LACKLAND AIR FORCE BASE, TEXAS —
The Lackland Health and Wellness Center and the 37th Medical Group are urging smokers to swap their tobacco break for a gourmet coffee and snack break - on them.
In observance of the Great American Smokeout on Thursday, the 37th MDG will be tobacco-free, offering gourmet coffee and snacks along with tobacco cessation materials in all of its buildings.
HAWC tobacco cessation class enrollment sheets will also be available for smokers interested in kicking the habit for good.
"The benefits of quitting are numerous," said Shannon Jones, HAWC licensed vocational nurse. "Within 20 minutes of the last cigarette, your body is already trying to heal itself and it continues year after year trying to return to the body of a nonsmoker."
Official dental records indicate that 17 percent of permanent party Team Lackland members are smokers. But the HAWC education program manager, Katia Heard, is hoping to reduce the figure to 12 percent by 2010 through one-on-one and group cessation classes.
"We offer classes in the morning and afternoon and all the materials, nicotine replacement products and Zyban or Chantix are free," said Ms. Heard. "Why not pick the Great American Smokeout date to quit smoking?"
"My last cigarette was April 19, 2007," said Tech. Sgt. Stephen Padilla, Air Fore Intelligence, Surveillance and Reconnais-sance Agency. "I quit by using a relatively new product, Chantix. It took care of my physical addiction, which freed me to deal with the habits."
Sergeant Padilla, who smoked for over two decades has been nicotine-free for seven months since enrolling in the "Fresh Start" class at HAWC.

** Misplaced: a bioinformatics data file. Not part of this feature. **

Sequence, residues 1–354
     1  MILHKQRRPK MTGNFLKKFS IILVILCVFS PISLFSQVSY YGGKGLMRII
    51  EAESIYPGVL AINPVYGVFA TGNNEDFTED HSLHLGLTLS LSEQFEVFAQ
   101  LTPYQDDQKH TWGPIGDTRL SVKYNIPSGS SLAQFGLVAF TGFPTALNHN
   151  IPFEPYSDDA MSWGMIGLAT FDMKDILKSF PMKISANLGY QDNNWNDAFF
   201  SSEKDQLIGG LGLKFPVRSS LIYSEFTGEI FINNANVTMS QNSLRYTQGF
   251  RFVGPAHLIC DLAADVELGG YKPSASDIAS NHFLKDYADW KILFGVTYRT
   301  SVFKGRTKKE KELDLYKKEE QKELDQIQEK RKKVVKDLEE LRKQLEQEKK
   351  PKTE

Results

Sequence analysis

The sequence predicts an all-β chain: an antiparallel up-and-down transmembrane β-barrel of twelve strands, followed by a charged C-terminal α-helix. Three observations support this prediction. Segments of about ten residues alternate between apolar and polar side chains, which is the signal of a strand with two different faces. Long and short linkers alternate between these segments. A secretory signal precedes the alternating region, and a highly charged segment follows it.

A smoking cessation class, the nicotine patch and Zyban helped Senior Airman Jesse Gonzalez, 68th Airlift Squadron, kick his 10-year habit on Sept. 18, 2006.
"It was time. I knew when I first started smoking that it would not be forever, but I didn't think it would take this long to quit," said Airman Gonzalez.
He had tried several times before to quit smoking but the longest he was smoke-free was a couple of months.
"Do whatever you have to do to get your mind off cigarettes and don't worry about what people who smoke and don't want to quit say. It's usually negative and will not help you," advises Airman Gonzalez. "Also, think of the money you'll save, especially if you're a heavy smoker like I was."
The cost of cigarettes and a desire to be healthier motivated Airman First Class Joseph Cunningham, 690th Intelligence Support Squadron, to quit. He took a tobacco cessation class in February and has been smoke-free ever since.
He said running has become easier for him since kicking his 14-year habit.
"High tobacco usage decreases your physical activity and increases stress fractures," said Ms. Heard. "So, if Airmen can stop smoking, it will help them be more successful in their physical fitness training."
Staff Sgt. Adam Albrecht, 651st Munitions Squadron, can attest to that. He quit smoking after taking a class in January.
"I finished my PT test one full minute quicker than I did last time, and I really have noticed the extra money that I have," said Sergeant Albrecht.
For more information about tobacco cessation classes, call the HAWC at 671-0566.